Maybe you are at a point in your life where you feel you can help someone else learn from your experiences or skill set. Reach out, volunteer your time to organizations through your local Chambers of Commerce, Boys and Girls Club or Men/Women’s support groups – there are many out there – but the point is to be intentional about your involvement. And, just like me, I’m betting that while you may set out to be the mentor, you may find yourself changed for the better in the process.

Perhaps Walt Disney captured it best when he said, “always be in a constant state of becoming” (Horsager, 2009, p.127). In other words, never feel like you have made it. Instead, begin to tell yourself there is always more out there to learn.

 

Reference

Horsager, D. (2009). The Trust Edge. New York, NY: Free Press.

New Year, New You (and me)

Return to your rest, O my soul, for the Lord has been good to you. Psalm 116:7 (NIV)

As I think back on the holidays, the stretch from Thanksgiving to New Year’s feels like a blur. Parties, gift buying and giving, travel, eating and cooking, and did I mention all that wrapping paper to clean up? Whew, just thinking about it makes me tired. It’s easy to feel like we need a vacation after the vacation.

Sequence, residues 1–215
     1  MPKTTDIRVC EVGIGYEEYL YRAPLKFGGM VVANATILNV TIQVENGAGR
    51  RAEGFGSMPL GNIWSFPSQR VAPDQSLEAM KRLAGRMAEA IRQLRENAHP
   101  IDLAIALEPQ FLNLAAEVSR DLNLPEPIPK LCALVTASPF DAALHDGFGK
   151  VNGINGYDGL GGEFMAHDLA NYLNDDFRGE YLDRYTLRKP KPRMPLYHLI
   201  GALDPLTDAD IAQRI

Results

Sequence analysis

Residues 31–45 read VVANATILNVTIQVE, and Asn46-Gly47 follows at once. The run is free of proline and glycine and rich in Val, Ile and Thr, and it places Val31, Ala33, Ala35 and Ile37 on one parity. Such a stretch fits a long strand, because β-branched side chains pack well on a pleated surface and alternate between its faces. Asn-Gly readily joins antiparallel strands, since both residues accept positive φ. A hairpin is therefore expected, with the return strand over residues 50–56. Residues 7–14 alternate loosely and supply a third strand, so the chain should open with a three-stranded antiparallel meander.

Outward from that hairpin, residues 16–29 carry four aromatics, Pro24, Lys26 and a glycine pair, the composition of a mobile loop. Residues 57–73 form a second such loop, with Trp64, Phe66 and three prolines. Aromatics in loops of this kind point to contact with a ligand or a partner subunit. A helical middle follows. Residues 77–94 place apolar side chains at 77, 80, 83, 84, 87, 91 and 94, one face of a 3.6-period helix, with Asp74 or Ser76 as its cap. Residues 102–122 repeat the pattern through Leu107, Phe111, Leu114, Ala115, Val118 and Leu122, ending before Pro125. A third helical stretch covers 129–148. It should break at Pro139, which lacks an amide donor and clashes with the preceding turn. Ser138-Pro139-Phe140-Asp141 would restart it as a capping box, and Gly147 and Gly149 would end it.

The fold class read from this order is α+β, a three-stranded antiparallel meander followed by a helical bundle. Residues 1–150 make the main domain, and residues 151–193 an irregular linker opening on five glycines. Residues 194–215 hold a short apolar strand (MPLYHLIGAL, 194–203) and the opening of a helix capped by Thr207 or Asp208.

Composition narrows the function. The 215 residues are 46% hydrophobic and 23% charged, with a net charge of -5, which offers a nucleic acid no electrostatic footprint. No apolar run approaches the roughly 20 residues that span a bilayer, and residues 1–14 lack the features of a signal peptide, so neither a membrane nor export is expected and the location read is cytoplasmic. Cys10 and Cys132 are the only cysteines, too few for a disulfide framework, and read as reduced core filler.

God’s word, however, tells us to rest and be reminded of our blessings. I love how The Message translation captures this:

I said to myself, “Relax and rest. God has showered you with blessings.
Soul, you’ve been rescued from death;
Eye, you’ve been rescued from tears;
And you, Foot, were kept from stumbling” (MSG)

Rest doesn’t only mean physical, but also emotional and spiritual. Sometimes rest means finding a quiet place to reflect and spend time alone with God. Even Jesus urged his disciples to do this. I do not believe this happens by accident, I believe that in order to truly experience rest we must be intentional about it. Yes, I hear you, “Amanda are you saying I have to plan rest into my day”? That is exactly what I am saying. Otherwise, it will fall further and further down on our list of priorities.